SQLite, the simple, lightweight engine I was using isn't compatible with Amazon RDS, so I decided to switch to PostgreSQL, the most popular open-source option. Luckily, this was a minor code change thanks to my object-oriented implementation and SQLAlchemy, the Python package I was using to connect Pandas to SQL.

With the databases figured out, the next step was figuring out how to load my code and any dependencies onto each machine. This can be done using a bootstrap action, which is essentially a set of commands each instance will run when its started up, after basics like the operating system (Linux in my case) have been installed. Those commands are generally written in the form of shell scripts, a simple programming language common to Unix-based machines (Linux & macOS) accessed through a command-line interface (think black background with a monospaced font and a blinking cursor).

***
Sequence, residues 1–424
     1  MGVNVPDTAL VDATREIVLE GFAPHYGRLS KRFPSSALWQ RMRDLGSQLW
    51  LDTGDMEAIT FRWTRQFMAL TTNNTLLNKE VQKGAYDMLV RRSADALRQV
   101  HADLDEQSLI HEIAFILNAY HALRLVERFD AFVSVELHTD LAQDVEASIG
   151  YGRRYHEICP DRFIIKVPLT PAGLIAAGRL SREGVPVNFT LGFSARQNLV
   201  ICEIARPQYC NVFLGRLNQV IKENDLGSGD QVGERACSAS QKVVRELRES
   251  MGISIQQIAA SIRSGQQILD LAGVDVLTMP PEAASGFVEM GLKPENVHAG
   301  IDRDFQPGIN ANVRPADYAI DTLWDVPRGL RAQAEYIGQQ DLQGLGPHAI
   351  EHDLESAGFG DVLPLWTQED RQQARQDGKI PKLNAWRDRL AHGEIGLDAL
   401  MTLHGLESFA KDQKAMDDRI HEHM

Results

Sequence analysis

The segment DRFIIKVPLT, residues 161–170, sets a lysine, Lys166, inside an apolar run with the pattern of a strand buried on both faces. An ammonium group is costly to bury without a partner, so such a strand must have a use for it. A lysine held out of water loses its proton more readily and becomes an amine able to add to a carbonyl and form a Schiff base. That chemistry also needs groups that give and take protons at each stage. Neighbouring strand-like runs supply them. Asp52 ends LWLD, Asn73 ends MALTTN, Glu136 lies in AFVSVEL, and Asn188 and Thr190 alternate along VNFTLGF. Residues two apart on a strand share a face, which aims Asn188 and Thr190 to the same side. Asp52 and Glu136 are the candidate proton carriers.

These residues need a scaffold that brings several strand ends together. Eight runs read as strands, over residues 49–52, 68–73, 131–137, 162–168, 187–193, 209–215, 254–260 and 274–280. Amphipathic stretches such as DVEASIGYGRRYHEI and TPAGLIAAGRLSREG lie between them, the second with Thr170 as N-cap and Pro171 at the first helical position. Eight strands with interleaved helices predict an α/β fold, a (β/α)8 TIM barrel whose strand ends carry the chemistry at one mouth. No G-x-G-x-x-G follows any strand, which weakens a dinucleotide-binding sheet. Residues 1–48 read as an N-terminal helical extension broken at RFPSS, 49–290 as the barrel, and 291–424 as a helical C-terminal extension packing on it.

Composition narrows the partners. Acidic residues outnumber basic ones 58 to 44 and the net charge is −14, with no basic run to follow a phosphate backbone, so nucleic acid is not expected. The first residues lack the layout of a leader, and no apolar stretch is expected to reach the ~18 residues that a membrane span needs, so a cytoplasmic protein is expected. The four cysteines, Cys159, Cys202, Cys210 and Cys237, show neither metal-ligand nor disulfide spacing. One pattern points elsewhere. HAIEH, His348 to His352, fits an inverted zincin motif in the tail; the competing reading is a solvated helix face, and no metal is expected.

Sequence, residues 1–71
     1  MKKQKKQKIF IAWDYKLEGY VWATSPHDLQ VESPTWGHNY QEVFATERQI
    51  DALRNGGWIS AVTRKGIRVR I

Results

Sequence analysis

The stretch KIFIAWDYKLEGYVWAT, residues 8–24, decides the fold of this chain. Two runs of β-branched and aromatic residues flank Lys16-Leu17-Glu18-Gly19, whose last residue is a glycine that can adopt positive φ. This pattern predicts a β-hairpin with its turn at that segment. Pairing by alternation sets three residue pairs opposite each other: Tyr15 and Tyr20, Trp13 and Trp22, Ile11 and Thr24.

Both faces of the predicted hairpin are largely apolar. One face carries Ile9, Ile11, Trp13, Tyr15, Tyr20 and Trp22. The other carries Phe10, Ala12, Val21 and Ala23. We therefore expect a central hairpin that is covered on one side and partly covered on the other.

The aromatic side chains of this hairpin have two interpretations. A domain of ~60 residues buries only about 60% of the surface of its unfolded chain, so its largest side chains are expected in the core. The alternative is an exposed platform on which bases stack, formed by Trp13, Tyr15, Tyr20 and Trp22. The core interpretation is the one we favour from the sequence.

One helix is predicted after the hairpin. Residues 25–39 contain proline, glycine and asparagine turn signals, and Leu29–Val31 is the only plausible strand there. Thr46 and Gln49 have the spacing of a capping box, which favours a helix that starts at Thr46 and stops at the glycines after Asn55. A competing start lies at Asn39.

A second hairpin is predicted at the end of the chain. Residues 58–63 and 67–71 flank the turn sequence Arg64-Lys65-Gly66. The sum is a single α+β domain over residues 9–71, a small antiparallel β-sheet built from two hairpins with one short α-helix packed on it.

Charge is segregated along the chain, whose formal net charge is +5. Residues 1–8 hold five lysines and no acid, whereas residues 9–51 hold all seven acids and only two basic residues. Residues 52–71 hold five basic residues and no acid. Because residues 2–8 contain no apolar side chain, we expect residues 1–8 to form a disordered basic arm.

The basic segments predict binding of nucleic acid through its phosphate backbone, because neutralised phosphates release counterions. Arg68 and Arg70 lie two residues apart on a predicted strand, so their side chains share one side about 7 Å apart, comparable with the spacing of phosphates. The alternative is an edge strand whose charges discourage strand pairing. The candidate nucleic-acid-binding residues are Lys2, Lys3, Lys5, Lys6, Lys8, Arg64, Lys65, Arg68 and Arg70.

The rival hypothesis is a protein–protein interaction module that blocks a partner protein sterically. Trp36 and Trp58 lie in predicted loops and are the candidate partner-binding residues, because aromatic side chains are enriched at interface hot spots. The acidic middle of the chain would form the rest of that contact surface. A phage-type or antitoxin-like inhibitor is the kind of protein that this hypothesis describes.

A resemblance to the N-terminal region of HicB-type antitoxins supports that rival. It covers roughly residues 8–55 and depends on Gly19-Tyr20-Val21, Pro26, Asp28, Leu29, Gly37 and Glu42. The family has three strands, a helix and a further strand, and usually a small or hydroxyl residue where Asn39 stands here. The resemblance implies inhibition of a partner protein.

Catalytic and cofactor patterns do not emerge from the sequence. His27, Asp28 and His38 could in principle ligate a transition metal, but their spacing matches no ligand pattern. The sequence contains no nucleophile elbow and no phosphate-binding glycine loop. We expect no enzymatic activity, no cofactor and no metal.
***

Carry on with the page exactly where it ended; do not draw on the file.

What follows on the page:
The simplest way to install Python code onto a machine is using a program called pip, a recursive acronym that stands for "Pip installs Python." It allowed me to quickly and reliably install the packages I needed onto each cloud instance. This was so headache-free that I ended up packaging up my own code in order to use pip for installation. Conveniently, in addition to the Python Package Index (where popular packages like Pandas & SQLAlchemy can be accessed), it can also install packages from other sources like Github, where my code resides.

In addition to code, I had some models saved that I wanted to load onto each machine. It turns out that Python packages can also include data, so I simply added them to my package. The only hang-up was that their file size was too large for Git, a version control system usually intended for small files, like source code. To get around this, Git LFS (Large File Storage) is a Git extension which stores the large files separately, solving the problem. The one downside is, unlike hosting repositories on Github, Git LFS files cost money to host.